Values, Variables and Types in Scala

This post is part 1 of the Scala - The Absolute Basics series. You can view all the posts in the series here.

Lets start our Scala journey by learning about values in Scala.

Create an object called Values and extend it from App, so that we can run it. Type in the following code:

object Values extends App {
    val x: Int = 99

Here we are declaring a VALUE called x, and we are telling the compiler it is of type Int. We then assign it the value 99. On the next line, we simply print out the value

A key thing to note here, is that once a VAL has been declared, it can’t be reassigned.

For example, the following code would produce an error :

object Values extends App {

val x: Int = 42

x = 66

So remember that Vals are immutable. The functional programming style of Scala encourages the use of these immutable vals.

Type Inference

It isn’t always necessary to include the type when declaring a val. You could instead type:

object Values extends App {

val x = 42

And this would run fine. The type is detected by the compiler by looking at the value assigned to the variable. This is known as Type Inference.

The Basic Types

These are some of the really basic types in Scala, which you should be familiar with from other programming languages:

val myString: String = "James"
val myBoolean: Boolean = true
val myChar: Char = 'd'
val myInt: Int = 33
val myShort: Short = 326
val myLong: Long = 35263256234L // notice the L on the end - this tells the compiler its a Long
val myFloat: Float = 3.0f // again notice the f on the end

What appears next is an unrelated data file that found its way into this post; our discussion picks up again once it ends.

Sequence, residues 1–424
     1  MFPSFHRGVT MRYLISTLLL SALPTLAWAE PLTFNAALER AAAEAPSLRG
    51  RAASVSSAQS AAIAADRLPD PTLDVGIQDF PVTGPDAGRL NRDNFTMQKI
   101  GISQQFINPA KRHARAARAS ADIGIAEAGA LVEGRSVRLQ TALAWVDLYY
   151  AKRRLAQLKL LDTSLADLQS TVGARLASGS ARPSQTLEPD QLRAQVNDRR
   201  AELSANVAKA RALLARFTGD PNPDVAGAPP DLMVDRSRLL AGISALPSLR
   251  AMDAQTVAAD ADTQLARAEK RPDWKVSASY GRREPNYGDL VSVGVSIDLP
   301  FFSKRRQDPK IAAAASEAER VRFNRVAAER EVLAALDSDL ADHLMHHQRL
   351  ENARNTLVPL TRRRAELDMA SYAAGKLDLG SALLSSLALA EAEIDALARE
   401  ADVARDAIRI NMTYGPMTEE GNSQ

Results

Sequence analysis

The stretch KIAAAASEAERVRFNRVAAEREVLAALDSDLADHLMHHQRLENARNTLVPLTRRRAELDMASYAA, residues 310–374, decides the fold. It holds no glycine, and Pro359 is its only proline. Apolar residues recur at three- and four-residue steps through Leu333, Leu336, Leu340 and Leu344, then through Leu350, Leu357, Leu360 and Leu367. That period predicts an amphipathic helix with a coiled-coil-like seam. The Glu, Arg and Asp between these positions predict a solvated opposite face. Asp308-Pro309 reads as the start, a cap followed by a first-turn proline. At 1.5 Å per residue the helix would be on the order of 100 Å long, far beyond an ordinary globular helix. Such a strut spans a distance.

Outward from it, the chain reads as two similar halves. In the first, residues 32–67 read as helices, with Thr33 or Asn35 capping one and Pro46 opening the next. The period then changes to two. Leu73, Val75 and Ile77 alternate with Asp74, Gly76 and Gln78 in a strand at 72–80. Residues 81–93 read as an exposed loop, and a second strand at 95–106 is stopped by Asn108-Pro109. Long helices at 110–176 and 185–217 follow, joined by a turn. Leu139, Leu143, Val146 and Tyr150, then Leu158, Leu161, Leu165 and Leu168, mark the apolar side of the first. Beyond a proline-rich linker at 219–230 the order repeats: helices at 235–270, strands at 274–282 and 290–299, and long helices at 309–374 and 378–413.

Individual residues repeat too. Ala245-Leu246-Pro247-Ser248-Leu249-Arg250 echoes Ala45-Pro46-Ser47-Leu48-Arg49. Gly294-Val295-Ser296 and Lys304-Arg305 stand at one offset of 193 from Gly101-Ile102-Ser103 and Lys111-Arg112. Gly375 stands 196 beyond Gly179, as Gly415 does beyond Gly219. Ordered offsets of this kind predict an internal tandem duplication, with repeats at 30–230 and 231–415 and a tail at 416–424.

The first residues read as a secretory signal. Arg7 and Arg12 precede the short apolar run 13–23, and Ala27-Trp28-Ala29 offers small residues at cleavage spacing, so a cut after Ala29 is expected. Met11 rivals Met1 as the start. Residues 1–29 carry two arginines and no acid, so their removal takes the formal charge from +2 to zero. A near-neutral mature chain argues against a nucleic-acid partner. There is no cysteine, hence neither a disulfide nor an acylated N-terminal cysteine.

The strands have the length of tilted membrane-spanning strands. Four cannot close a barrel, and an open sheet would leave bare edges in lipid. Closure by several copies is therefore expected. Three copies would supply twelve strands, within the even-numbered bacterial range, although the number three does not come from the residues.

val myDouble: Double = 4.27


In Scala you can declare a variable like so:

var myVariable: Int = 27

The difference between a VARIABLE and a VALUE, is that a VARIABLE can be reassigned:

myVariable = 6

Variables are used in Functional Programming for something called SIDE EFFECTS. Side effects allow us to see what our programs are doing. Examples of side effects are changing a variable or printing to the console. Programs without side effects are easier to understand, as there is no logic or variables to keep track of. However, we can’t eliminate side effects completely, as we do need our programs to do something - otherwise they would serve no purpose!


In this post you learned about values and variables in Scala, and the differences between them. Just remember that vals are immutable and vars are mutable (or can be changed).

In Scala, you generally what to try and prefer to use VALS over VARS. If you are coming from an imperative (i.e. Java) programming background, this may seem difficult at first.

We also learned that all vals and vars have types, whether we declare them explicitly or they are inferred by the compiler

Source Code

As always, the source code for this post is available on Github.